The blue Arrinera Hussarya GT prototype, the same one which distinguished itself as the first Polish car to ever tackle the famous hillclimb at the 2016 Goodwood Festival of Speed, visited Poland during a road tour which consisted of several photo locations in beautiful Polish cities. The car, which is a GT4 racer with a tubular frame, carbon fiber body, V8 engine and a sequential Hewland gearbox, looked its best against the backdrop of various spots in Szczecin, Wroclaw and Warsaw.
In Szczecin the Hussarya GT visited the cobblestone-paved terraces overlooking the Odra river, with their flowing corners and monumental buildings atop the hill providing an unusual venue for a race car photoshoot, then the car appeared at a park in Szczecin which boasts Poland’s largest population of plane trees. It looked positively awesome in the natural chiaroscuro environment. Then the Arrinera appeared in front of the Philharmonic in Szczecin, which in 2015 received the Mies van der Rohe prixe for the most beautiful building in Europe. Afterwards the car was transported to a secret location deep in Szczecin’s harbor, and later to the newly rebuilt bank of the river, remodeled for the Tall Ships Races.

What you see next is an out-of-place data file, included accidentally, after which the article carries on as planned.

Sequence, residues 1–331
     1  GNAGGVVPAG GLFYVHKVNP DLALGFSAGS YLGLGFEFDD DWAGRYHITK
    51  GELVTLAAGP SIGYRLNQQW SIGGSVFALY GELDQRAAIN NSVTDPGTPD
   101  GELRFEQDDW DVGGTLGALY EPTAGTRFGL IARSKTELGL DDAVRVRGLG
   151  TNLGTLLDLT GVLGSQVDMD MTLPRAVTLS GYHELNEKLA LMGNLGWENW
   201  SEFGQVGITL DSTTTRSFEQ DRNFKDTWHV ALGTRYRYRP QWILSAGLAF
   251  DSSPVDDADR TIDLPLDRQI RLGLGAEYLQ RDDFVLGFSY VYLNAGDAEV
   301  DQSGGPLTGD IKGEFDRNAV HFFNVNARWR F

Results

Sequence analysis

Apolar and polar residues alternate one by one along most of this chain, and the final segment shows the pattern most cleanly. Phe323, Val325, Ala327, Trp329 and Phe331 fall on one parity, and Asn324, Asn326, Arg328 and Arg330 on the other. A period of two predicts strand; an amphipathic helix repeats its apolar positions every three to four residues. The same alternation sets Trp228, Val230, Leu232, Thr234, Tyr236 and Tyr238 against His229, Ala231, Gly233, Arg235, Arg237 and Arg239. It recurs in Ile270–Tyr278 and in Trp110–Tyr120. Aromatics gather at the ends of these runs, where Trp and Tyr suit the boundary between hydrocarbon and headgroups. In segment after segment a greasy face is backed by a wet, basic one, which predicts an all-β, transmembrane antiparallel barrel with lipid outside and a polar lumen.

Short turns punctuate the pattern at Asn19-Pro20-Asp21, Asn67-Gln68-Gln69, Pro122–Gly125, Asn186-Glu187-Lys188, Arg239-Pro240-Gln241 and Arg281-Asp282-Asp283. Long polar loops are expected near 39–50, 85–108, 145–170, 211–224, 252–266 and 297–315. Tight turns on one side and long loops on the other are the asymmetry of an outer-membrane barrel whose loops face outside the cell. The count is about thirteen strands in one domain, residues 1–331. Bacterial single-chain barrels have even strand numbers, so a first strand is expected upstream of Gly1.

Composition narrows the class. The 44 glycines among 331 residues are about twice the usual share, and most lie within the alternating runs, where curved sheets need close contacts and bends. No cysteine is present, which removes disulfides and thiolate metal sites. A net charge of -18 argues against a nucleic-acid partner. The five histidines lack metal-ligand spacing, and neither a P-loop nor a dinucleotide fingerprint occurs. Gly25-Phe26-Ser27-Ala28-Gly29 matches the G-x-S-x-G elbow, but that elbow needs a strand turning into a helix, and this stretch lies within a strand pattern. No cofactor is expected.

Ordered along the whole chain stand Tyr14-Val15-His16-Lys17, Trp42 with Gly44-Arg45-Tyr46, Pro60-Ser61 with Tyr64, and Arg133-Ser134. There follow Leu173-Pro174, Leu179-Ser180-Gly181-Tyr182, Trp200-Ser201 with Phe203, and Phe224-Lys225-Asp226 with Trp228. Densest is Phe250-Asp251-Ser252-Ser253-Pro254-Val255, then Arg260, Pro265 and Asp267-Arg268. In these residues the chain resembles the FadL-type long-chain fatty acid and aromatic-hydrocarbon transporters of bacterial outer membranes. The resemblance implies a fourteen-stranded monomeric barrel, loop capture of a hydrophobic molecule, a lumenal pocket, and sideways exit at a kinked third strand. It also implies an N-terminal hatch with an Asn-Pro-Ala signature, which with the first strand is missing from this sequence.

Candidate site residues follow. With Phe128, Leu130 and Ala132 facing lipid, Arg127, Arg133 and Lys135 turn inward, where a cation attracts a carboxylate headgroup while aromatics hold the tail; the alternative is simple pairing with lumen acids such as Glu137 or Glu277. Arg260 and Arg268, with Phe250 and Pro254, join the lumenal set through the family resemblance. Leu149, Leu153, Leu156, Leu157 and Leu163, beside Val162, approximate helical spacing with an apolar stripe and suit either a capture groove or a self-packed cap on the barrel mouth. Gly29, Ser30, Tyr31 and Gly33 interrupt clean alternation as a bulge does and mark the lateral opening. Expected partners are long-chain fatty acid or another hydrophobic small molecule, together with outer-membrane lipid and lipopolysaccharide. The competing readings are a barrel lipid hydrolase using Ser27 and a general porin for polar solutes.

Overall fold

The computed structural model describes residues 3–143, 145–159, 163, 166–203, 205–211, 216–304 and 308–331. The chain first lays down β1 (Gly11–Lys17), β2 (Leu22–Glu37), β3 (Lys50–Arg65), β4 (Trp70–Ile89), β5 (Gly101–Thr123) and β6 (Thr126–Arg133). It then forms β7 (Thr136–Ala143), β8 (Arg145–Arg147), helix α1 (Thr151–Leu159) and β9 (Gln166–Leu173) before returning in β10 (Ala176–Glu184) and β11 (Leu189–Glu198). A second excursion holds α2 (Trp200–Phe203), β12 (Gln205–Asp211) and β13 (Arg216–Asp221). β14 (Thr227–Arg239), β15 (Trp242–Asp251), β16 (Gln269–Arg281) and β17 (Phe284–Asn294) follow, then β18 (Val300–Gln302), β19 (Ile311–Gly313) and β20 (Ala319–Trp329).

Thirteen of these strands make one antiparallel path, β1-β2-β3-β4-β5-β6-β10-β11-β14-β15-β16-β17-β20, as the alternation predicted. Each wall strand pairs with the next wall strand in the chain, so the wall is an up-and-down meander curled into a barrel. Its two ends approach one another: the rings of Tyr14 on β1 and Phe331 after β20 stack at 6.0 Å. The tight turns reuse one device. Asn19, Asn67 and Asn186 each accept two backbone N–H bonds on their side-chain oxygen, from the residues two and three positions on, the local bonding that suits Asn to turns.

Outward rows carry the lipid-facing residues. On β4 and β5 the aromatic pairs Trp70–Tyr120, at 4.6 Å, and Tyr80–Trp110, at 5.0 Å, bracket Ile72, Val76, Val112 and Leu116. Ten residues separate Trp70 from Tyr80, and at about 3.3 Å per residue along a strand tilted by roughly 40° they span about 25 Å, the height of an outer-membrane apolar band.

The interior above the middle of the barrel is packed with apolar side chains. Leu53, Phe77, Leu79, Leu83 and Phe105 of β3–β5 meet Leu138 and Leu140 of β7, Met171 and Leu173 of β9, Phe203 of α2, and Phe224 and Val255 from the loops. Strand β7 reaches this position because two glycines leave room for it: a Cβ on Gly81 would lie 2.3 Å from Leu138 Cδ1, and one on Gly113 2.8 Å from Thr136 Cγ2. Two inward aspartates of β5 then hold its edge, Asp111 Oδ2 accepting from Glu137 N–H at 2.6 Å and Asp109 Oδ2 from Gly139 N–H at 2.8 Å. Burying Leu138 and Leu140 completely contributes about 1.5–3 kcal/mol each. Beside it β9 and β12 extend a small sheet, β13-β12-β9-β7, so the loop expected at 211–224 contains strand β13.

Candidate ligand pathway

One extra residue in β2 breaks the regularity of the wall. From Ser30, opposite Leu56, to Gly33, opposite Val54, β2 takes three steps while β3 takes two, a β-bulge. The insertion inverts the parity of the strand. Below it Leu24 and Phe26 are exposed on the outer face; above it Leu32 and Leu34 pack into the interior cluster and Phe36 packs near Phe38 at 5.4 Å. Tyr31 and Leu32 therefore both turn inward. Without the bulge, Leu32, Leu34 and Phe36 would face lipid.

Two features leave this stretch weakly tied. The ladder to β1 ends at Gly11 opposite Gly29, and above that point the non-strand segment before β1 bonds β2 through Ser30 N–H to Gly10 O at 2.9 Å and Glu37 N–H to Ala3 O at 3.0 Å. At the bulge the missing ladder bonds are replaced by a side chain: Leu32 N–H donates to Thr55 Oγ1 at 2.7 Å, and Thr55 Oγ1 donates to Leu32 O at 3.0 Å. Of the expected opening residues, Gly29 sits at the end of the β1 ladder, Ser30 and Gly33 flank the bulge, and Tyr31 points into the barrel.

In Wroclaw our car caused a considerable stir in the fabulous Old Town Square when we parked it in front of the 13th century town hall, and was constantly besieged by crowds of people, both Polish and foreign, anxious to take pictures of the sleek racer transplanted to the centre of the town which in 2016 is the European Culture Capital.
Finally, in Warsaw, the historical heritage evident in the Arrinera bloodline was emphasized by the photoshoot in Pilsudski Square, named after our political leader who was instrumental in bringing Poland back to the map of Europe in 1918. The square, which until World War II was dominated by the Saski Palace, is now a parade ground surrounding the Tomb of the Unknown Soldier, which is the only part of the original palace that has survived. The photoshoot ended with our car being driven around the square and around the imposing National Opera House which boasts the largest theater stage in Europe. The prototype returned to the UK for further testing and development.